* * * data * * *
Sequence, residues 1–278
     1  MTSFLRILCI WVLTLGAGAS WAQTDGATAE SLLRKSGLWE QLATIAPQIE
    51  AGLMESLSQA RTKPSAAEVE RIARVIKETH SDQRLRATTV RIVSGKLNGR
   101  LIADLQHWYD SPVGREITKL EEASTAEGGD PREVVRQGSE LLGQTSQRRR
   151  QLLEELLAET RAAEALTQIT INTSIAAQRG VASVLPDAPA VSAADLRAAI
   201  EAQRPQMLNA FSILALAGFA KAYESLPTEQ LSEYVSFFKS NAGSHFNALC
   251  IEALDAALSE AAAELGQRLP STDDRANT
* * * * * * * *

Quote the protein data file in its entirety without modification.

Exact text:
Sequence, residues 1–278
     1  MTSFLRILCI WVLTLGAGAS WAQTDGATAE SLLRKSGLWE QLATIAPQIE
    51  AGLMESLSQA RTKPSAAEVE RIARVIKETH SDQRLRATTV RIVSGKLNGR
   101  LIADLQHWYD SPVGREITKL EEASTAEGGD PREVVRQGSE LLGQTSQRRR
   151  QLLEELLAET RAAEALTQIT INTSIAAQRG VASVLPDAPA VSAADLRAAI
   201  EAQRPQMLNA FSILALAGFA KAYESLPTEQ LSEYVSFFKS NAGSHFNALC
   251  IEALDAALSE AAAELGQRLP STDDRANT